Prognostic and Predictive Tumor Profiling

Investigators in the National Surgical Adjuvant Breast and Bowel Project tested whether the results of a reverse transcription-PCR assay of 21 prospectively selected genes in paraffin-embedded tumor tissue correlated with the likelihood of distant recurrence in patients with node-negative, tamoxifen-treated breast cancer who were enrolled in the National Surgical Adjuvant Breast and Bowel Project clinical trial B-14 (39). The levels of expression of 16 cancer-related genes and 5 reference genes were used in a prospectively defined algorithm to calculate a recurrence score and to determine a risk group (low, intermediate, or high) for each patient. The rate of recurrence in the low-risk group was significantly lower than that in the high-risk group (P < 0.001). In a multivariate Cox model, the recurrence score provided significant predictive power that was independent of age and tumor size (P < 0.001). The recurrence score was also predictive of overall survival (P < 0.001) and could be used as a continuous function to predict distant recurrence in individual patients. Although the recurrence score has been validated as quantifying the likelihood of distant recurrence in tamoxifen-treated patients with node-negative, estrogen receptor–positive breast cancer, no data yet exist using a similar molecular approach to predict the risk of developing second primary breast cancers or second malignancies at other important anatomic sites. This is an urgent need that should be addressed in new, translational research.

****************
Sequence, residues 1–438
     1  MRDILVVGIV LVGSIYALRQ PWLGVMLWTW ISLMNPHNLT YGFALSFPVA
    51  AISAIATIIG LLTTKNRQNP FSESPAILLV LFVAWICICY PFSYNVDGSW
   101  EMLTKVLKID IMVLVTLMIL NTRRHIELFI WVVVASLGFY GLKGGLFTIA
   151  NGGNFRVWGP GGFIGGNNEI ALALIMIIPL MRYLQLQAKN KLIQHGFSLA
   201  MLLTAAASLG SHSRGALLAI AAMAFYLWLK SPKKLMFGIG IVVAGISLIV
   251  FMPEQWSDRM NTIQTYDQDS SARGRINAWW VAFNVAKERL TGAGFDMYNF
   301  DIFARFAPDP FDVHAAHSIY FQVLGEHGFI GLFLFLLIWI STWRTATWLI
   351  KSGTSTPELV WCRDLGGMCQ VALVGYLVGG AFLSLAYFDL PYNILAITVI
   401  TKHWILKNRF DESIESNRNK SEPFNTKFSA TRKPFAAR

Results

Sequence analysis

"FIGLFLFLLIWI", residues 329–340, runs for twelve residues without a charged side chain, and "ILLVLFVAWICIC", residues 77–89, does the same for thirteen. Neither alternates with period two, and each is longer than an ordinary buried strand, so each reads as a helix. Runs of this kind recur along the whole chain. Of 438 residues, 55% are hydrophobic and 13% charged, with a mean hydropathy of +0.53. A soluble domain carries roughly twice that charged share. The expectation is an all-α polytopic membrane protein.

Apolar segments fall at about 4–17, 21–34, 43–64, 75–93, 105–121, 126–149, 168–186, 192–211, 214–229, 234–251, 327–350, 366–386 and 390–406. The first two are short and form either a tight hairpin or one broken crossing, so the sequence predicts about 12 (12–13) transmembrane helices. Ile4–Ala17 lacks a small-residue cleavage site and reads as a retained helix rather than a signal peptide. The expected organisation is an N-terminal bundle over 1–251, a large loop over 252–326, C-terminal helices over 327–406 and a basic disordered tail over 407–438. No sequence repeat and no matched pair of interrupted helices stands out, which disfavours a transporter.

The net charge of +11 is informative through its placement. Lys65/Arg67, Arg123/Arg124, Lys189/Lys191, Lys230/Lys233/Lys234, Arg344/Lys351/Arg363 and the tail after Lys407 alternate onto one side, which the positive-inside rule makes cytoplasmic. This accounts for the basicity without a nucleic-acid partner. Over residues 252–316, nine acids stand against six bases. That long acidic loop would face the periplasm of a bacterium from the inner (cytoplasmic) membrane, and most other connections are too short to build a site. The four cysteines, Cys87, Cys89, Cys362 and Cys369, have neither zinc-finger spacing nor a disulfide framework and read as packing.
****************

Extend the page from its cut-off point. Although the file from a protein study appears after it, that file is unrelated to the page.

Recommendations for Future Research

Few, if any, validated, prospective screening trials among individuals who are at risk for second malignancies have been conducted. For example, we should evaluate whether the use of MRI is superior to mammography in the detection of second breast malignancies, particularly among premenopausal women whether they carry a predisposing genetic mutation. Among women with mutations, we need prospective MRI breast screening studies compared with mammography with mortality as the end point. We also need to develop new strategies to screen for ovarian cancer among women with genetic syndromes. A search for serum markers of ovarian malignancy should continue.